ELKHART — Aluminum siding hanging off the side of the building creeks in the wind and large patches of paint cover up graffiti on several sides of building at 511 Division St.
An attached home to the west has stickers on the door that reference old code violations.
But in a few months, the old Federal Press facility at the corner of Division Street and Waterfall Drive in Elkhart will be nothing more than a memory.
An accelerated effort to remove the blighted building began recently when Elkhart city officials were contacted by representatives of Indiana Office of Community and Rural Affairs, said Denny Correll, brownfield coordinator for the city of Elkhart.
The city has been removing numerous blighted industrial properties in recent years and still has more to manage. The city chose to use the money on this one next because, in part, the roof has collapsed.
Correll said he believes the state agency turned to Elkhart “because the city has done a good job with the money they’ve been given.”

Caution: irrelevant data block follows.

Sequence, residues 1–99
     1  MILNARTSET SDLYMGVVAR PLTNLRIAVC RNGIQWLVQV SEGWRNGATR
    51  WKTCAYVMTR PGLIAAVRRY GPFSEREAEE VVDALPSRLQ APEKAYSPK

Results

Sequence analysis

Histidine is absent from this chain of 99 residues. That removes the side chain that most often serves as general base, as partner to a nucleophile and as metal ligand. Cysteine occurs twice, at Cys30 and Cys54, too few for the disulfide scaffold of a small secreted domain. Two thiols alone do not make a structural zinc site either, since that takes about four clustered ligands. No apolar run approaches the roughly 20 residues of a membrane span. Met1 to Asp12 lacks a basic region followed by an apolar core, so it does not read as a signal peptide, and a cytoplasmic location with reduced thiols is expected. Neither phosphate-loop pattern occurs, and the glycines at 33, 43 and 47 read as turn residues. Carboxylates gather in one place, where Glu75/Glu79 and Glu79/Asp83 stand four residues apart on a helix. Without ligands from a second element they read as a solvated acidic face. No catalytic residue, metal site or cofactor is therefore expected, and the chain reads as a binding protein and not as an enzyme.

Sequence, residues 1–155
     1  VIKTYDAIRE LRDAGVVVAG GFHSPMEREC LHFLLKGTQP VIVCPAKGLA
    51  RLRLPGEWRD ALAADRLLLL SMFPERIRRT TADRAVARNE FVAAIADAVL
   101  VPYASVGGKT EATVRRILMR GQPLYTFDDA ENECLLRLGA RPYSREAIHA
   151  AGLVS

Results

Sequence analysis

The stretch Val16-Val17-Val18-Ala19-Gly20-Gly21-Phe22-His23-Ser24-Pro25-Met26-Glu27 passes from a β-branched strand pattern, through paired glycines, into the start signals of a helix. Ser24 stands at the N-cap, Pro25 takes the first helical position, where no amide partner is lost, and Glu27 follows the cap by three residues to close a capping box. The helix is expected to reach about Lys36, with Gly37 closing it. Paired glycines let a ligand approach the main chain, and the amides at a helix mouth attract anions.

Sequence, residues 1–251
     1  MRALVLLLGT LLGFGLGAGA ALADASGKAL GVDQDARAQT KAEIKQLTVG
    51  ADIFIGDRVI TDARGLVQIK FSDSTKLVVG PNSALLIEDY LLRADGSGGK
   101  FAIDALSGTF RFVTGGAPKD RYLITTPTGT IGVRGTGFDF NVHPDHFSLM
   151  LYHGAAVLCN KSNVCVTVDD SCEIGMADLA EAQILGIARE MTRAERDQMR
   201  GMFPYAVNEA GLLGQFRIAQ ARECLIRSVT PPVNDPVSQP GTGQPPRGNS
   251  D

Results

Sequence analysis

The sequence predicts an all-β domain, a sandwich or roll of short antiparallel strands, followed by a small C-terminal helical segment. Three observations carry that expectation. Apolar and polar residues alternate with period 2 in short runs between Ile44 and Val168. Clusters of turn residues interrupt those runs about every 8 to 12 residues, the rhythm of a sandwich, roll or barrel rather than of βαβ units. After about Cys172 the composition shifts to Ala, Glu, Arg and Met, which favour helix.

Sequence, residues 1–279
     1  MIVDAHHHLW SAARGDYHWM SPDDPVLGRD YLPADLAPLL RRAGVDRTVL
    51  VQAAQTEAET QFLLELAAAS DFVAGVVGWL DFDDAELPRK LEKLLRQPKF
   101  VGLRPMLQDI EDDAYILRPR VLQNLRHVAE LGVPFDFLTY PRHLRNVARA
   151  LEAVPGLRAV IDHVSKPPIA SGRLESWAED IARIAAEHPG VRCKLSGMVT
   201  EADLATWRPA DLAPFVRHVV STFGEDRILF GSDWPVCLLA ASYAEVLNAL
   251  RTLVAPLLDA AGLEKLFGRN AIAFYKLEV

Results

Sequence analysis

On Thursday, April 25, the city’s redevelopment commission agreed to purchase the land from RG Division Real Estate for $28,000.
The city will then formally apply for grant money and then prepare demolition plans, Correll said.
He said the pending plan is a win-win situation for everyone involved.
The city will have to provide a ten percent match in exchange for the anticipated $250,00 in grant money, but Correll described that as “a small price to pay” in exchange for money that will cover the cost of demolition, property acquisition and administrative costs.”
The 17,000-square-foot building sits on the eastern edge of the historic State-Division residential district and west of Elkhart Central High School.
“Nothing good is going to happen there,” as long as the building remains, Correll said.
The dilapidated building has sat empty for years and the property was once considered by Elkhart Schools Corporation as a possible location for sports fields.
The attached residential property will also be part of the demolition. That side of the property has a crumbling concrete parking area that is partially cordoned off with a fence.
The city has no plans to immediately redevelop the land. After demolition, it will be landscaped with grass seed.
The city’s most recent industrial demolition, 700 W. Beardsley, has finished its first phase and all above-ground signs of the historic building are gone. The city will now undertake a second phase in which workers will test and remove any underground contamination.
Correll said he doesn’t expect much if any contamination to be found on the property. The city plans to use grant money for any cleanup.
He predicted the project would be complete by July. The land would then be seeded and the city will seek offers to redevelop the land.